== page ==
Critical period

Scientific evidence tells us that the influences from the environment are especially important early in life, during a restricted developmental period, during which the neural pathways are highly sensitive to the effects of external stimuli, and a veritable remodelling of the brain is possible.

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Sensory development

The sensory development of a baby is associated with the critical periods, during which the environmental stimuli makes the most impact to the child’s sensory development. Once the critical period is over, the environmental stimuli will no longer significantly make effect.

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Implicit memory

Research has shown that young children are able to implicitly recognize and use perceptual cues to enhance their performance. These indicate that young children possess implicit learning capabilities that enable them to acquire complex rule systems and intuitive knowledge.

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Right hemisphere

Research has established that during fetal, neonatal and infant development, the role of the right hemisphere is more profound. The early childhood education enables children to learn effortlessly, efficiently and creatively with the powerful gift of the right hemisphere.

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Why Early Education?

Published by U.S. National Academy of Sciences in 2000, Eager to Learn: Educating Our Preschoolers by Barbara T. Bowman, etl at The Committee on Early Childhood Pedagogy, established by the National Research Council in 1997, states that “Children come into the world eager to learn. The first five years of life are a time of enormous growth of linguistic, conceptual, social, emotional, and motor competence. Right from birth a healthy child is an active participant in that growth, exploring the environment, learning to communicate, and, in relatively short order, beginning to construct ideas and theories about how things work in the surrounding world. The pace of learning, however, will depend on whether and to what extent the child’s inclinations to learn encounter and engage supporting environments. There can be no question that the environment in which a child grows up has a powerful impact on how the child develops and what the child learns.” The report also published some very powerful findings on early childhood learning and program effectiveness, which include:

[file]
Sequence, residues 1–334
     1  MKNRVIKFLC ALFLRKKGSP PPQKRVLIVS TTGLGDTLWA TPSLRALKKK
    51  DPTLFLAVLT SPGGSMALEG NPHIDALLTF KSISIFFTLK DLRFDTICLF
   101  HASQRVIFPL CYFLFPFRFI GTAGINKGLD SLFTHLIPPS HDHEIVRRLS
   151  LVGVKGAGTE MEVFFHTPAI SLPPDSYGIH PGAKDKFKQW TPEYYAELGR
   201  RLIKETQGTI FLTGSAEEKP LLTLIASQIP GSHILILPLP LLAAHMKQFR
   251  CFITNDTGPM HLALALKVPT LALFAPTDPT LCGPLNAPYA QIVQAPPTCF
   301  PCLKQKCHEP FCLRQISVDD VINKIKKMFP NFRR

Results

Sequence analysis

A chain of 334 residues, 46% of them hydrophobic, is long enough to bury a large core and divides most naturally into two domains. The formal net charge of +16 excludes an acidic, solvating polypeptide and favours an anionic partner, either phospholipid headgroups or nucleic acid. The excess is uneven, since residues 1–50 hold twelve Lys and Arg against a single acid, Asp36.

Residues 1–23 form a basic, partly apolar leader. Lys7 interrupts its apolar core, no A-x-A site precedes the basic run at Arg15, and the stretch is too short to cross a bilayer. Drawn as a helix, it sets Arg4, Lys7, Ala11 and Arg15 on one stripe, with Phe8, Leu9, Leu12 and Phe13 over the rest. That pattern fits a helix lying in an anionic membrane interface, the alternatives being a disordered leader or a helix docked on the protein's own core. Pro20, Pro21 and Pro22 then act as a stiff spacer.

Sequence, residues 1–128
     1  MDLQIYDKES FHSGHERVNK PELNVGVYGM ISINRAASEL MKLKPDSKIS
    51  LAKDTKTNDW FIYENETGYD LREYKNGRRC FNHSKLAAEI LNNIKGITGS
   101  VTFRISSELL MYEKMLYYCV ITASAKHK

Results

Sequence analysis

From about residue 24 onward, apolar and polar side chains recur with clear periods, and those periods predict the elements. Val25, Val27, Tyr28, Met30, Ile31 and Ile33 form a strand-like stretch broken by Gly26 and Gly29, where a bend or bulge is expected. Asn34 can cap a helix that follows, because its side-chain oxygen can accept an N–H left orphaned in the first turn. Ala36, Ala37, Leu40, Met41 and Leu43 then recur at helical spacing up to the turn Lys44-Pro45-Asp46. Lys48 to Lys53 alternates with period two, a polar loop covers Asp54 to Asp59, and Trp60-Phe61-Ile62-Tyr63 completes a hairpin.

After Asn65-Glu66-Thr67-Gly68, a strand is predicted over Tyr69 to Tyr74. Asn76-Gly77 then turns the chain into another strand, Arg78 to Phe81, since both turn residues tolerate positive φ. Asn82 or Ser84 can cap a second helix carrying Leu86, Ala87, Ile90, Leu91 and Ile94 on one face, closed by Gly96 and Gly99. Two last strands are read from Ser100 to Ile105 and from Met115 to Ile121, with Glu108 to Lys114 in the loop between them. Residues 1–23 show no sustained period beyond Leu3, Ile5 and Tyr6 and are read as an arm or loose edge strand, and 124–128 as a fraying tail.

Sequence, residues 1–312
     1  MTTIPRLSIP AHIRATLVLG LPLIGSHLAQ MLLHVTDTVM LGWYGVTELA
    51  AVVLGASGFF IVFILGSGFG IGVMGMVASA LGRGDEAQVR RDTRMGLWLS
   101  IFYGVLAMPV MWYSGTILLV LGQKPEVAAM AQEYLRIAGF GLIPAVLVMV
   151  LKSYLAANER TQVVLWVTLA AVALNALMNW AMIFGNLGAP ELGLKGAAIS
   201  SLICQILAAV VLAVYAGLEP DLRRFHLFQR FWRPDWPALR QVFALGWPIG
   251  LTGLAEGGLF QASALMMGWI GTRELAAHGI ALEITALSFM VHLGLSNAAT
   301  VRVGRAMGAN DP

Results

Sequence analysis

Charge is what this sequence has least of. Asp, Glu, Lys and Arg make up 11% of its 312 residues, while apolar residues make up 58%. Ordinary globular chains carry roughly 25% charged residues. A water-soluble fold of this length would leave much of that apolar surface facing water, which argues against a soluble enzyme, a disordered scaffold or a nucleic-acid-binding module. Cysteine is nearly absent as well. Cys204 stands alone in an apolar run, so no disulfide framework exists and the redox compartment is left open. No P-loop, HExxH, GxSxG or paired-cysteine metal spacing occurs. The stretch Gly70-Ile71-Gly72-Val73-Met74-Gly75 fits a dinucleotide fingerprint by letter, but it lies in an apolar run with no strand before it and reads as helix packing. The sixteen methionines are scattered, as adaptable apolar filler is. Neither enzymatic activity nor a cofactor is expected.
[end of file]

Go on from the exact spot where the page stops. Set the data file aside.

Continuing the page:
• Young children are capable of understanding and actively building knowledge, and they are highly inclined to do so.
  • Development is dependent on and responsive to experience, allowing children to grow far more quickly in domains in which a rich experiential base and guided exposure to complex thinking are available than in those where they receive no such support. Genetic endowment is far more responsive to experience than was once thought. Rapid growth of the brain in the early years provides an opportunity for the environment to influence the physiology of development.
  • Education and care in the early years are two sides of the same coin. Research suggests that secure attachment improves both social competence and the ability to exploit learning opportunities.

Jack Shonkoff and Deborah Phillips, at the Committee on Integrating the Science of Early Childhood Development; National Research Council and Institute of Medicine, described in the book From Neurons to Neighborhoods: The Science of Early Childhood Development that the explosion of research in the neurobiological, behavioral, and social sciences has generated a much deeper appreciation of: 

  • the importance of early life experiences on the development of the brain and the unfolding of human behavior;
  • the powerful capabilities, complex emotions, and essential social skills that develop during the earliest years of life, and
  • the capacity to increase the odds of favorable developmental outcomes through planned interventions.

U.S. National Association of Child Care Resource and Referral Agencies also published a summary report on Rethinking the Brain – New Insights into Early Development, and emphasized the following key points:

  • The impact of environmental factors on the young child’s brain development is dramatic and specific, not merely influencing the general direction of development, but actually affecting how the intricate circuitry of the human brain is “wired.”
  • The human brain has a remarkable capacity to change, but timing is crucial. The brain itself can be altered or helped to compensate for problems, with appropriately timed, intensive intervention. There are optimal periods of opportunity – “prime times” during which the brain is particularly efficient at specific types of learning. The first five years are the windows of opportunity for motor development, emotional control, vision, social attachment, vocabulary and math/logic.
  • To have greater impact, interventions must be timely … if we miss opportunities to promote healthy development and learning, later remediation may be more difficult and expensive, and less effective.
  • Evidence amassed by neuroscientists and child development experts over the last decade point to the wisdom and efficacy of prevention and early intervention.

 

Window of Opportunity

The report is ended up with an appeal: we can take heart in the knowledge that there are many things we as a nation can do, starting now, to brighten young children’s future and ours.